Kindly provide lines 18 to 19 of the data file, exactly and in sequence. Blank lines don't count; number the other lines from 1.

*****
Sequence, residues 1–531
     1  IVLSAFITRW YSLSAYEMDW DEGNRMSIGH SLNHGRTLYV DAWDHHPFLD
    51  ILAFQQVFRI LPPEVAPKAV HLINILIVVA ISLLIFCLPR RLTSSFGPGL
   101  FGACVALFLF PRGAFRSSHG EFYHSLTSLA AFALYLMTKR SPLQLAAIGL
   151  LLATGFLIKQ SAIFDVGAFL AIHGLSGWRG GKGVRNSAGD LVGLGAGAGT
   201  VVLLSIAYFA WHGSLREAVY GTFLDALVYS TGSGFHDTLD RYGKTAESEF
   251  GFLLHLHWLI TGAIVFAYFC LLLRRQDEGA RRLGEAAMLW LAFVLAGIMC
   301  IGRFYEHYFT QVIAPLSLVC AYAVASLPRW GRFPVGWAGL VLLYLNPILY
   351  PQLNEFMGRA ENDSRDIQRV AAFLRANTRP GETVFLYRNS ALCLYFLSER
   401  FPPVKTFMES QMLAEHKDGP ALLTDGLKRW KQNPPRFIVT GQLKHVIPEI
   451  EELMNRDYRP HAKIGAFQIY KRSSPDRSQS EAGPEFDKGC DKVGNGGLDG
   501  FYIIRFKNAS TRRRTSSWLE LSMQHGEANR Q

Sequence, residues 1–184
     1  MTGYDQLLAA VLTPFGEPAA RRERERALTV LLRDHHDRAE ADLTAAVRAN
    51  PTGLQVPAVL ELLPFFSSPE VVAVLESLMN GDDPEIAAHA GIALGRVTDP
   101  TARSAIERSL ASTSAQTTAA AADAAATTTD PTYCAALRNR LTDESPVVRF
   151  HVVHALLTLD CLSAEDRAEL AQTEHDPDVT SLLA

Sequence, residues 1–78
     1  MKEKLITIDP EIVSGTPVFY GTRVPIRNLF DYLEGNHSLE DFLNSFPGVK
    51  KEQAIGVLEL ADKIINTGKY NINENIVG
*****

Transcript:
Sequence, residues 1–78
     1  MKEKLITIDP EIVSGTPVFY GTRVPIRNLF DYLEGNHSLE DFLNSFPGVK